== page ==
Perhaps Nordau’s sudden embrace of Herzl’s Zionism was not surprising, given his intellectual and biographical baggage. Both he and Herzl had witnessed the waves of racial hatred which swept France during the Dreyfus trial of 1894. And both believed that the degeneration of liberal European society and the birth of ethnic nationalism (where blood, not citizenship, marked a person’s identity) explained the rise of racial anti-Semitism and ensured that even assimilated Jews would never find full social acceptance. The establishment of a state in which Jews could live on their own terms was an indispensable stage on the path to human solidarity.
In his address to the First Zionist Congress in 1897, Nordau articulated this argument based on an assessment of the state of contemporary European Jewry. Following Emancipation (the granting of legal equality to Jews during the French revolution) Jews, desperate for social and economic advancement, had rushed headlong out of the ghetto. When the anti-Semitic backlash began in the 1870s, these acculturated Jews found themselves trapped: having abandoned their Jewish identity they were now rejected by the non-Jewish world. The only solution open to them–insincere conversion to Christianity–resulted in alienation, self-hatred, and a feeling of defenseless in the face of abuse. Nordou commented that:
Stunned by the hailstorm of anti-Semitic accusations, the Jews forget who they are and often imagine that they are really the physical and spiritual horrors which their deadly enemies represent them to be. I contemplate with horror the development of this new race of Marranos [a pejorative term referring to forced Jewish converts to Christianity in medieval Spain], which is sustained morally by no tradition, whose soul is poisoned by hostility to both its own and to strange blood, and whose self-respect is destroyed through the ever-present consciousness of a fundamental lie.”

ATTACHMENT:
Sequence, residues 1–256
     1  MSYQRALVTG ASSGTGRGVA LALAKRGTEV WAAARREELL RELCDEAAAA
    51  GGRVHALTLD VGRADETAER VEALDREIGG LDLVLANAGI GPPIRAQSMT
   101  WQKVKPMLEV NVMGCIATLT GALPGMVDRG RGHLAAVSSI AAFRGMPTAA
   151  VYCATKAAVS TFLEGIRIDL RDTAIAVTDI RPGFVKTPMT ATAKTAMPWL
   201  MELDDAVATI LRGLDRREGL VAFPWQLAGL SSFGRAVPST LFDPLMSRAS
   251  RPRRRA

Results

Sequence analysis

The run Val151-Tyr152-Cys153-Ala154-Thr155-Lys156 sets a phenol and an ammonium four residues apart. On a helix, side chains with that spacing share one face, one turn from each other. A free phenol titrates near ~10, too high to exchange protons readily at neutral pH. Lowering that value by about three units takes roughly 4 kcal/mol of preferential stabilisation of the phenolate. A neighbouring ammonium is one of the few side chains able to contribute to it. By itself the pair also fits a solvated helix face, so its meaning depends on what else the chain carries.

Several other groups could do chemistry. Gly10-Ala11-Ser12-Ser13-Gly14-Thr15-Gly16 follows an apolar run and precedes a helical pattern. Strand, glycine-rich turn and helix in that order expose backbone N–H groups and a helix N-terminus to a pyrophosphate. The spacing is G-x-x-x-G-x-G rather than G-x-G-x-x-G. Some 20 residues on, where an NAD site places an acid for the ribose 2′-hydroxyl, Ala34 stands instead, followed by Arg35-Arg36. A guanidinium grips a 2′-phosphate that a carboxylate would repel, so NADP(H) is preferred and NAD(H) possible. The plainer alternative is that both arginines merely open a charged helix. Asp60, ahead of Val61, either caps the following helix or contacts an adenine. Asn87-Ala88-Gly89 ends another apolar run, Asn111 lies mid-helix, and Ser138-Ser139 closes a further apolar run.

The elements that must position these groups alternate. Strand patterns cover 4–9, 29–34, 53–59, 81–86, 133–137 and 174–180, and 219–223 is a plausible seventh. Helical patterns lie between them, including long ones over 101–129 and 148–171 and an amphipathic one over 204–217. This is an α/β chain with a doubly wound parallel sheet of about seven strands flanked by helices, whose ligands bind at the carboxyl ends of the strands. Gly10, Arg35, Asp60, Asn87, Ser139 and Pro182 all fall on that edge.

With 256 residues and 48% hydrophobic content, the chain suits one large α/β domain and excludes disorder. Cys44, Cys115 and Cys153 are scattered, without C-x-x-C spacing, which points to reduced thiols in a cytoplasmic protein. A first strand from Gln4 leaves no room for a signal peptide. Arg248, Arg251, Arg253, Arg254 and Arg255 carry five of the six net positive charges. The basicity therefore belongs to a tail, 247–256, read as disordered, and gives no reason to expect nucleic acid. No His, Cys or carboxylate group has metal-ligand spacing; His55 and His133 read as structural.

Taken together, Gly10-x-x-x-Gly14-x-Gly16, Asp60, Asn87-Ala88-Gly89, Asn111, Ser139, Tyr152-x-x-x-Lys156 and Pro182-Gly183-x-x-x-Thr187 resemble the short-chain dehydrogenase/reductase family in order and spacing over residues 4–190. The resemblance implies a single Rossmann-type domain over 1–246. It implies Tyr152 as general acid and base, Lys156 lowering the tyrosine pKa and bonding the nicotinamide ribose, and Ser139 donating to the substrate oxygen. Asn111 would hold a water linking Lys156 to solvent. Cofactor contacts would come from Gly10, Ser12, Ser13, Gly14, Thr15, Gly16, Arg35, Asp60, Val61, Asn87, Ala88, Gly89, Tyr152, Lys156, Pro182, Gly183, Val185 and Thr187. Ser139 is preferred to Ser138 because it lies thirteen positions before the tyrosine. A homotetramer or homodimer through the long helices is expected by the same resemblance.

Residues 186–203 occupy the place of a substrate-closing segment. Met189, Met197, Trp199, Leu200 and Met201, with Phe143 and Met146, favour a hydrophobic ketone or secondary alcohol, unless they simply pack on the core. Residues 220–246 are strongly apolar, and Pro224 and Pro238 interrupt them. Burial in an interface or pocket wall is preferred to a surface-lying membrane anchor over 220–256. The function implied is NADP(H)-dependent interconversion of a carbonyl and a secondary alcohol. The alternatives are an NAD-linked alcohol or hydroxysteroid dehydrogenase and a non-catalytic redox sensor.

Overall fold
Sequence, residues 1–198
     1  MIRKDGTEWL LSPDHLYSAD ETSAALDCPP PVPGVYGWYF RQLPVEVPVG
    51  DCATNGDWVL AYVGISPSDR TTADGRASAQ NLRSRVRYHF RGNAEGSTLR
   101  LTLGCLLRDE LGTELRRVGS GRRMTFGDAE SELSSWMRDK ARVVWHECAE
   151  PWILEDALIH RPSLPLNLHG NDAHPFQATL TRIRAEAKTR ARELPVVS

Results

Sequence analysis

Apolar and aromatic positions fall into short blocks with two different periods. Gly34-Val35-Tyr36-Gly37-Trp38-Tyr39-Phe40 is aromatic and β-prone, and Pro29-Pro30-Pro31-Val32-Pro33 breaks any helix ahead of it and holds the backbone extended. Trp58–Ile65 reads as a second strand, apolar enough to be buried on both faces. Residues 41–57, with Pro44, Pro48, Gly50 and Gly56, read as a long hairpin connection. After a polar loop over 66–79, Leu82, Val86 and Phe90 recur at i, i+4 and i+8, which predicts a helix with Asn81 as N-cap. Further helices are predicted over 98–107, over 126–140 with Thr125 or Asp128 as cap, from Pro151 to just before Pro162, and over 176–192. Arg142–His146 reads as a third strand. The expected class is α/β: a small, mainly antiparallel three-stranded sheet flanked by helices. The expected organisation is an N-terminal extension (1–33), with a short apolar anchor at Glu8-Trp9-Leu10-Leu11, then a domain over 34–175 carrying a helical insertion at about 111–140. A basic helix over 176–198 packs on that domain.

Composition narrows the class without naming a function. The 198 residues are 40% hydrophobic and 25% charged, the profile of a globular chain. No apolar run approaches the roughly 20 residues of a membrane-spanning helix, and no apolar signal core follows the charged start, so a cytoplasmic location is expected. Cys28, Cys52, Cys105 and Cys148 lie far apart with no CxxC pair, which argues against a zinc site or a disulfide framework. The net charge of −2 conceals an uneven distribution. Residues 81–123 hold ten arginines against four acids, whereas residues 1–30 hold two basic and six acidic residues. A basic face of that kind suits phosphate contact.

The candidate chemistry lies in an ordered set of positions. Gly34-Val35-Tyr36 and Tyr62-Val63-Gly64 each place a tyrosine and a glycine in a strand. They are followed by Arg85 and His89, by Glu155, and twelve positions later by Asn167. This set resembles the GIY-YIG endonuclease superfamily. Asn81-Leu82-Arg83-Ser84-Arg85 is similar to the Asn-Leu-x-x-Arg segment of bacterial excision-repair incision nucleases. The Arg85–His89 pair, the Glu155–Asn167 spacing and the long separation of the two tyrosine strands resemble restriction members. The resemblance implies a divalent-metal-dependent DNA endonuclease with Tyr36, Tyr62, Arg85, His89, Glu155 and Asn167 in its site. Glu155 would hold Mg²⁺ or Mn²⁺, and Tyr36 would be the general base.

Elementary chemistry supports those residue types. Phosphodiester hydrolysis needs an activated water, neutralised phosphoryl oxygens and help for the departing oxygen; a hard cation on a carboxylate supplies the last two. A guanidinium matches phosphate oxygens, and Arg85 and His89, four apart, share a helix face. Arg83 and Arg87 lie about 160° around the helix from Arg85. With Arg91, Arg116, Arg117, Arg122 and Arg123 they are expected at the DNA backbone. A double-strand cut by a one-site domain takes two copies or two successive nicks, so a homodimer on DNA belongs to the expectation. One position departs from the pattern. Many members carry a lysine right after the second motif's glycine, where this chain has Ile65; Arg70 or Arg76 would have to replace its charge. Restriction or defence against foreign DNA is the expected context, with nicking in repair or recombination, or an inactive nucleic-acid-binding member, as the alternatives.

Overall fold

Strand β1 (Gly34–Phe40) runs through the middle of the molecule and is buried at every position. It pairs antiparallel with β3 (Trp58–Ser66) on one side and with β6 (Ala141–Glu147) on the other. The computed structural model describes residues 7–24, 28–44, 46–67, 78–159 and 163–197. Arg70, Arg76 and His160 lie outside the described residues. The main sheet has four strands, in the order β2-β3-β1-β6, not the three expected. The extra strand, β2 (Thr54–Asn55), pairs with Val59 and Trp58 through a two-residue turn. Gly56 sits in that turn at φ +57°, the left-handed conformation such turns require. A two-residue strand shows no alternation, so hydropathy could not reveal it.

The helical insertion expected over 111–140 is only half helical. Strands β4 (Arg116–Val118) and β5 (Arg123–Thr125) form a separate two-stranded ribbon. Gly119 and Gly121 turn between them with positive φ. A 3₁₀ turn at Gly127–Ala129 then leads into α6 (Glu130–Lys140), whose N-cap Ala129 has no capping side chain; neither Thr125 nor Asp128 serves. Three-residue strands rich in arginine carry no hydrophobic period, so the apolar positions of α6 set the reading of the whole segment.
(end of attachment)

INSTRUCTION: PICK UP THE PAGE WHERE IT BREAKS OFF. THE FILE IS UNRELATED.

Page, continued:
Nordau was convinced that the creation of a Jewish State was the only solution.
As Herzl’s right-hand man, Nordau became one of the most important leaders of Jewish nationalism at the time. At the first Zionist Congress in 1897 he drafted the Basle Program, which declared the aim of Zionism to be the creation of a Jewish state that was secured by international law. Nordau served as vice-president of the first to sixth World Zionist Congresses (1897-1903), and as president of the seventh to tenth (1905-11). He remained loyal to Herzl’s political Zionism, arguing at the 1903 congress in favor of the controversial plan to establish a Jewish homeland in Uganda, despite his own misgivings.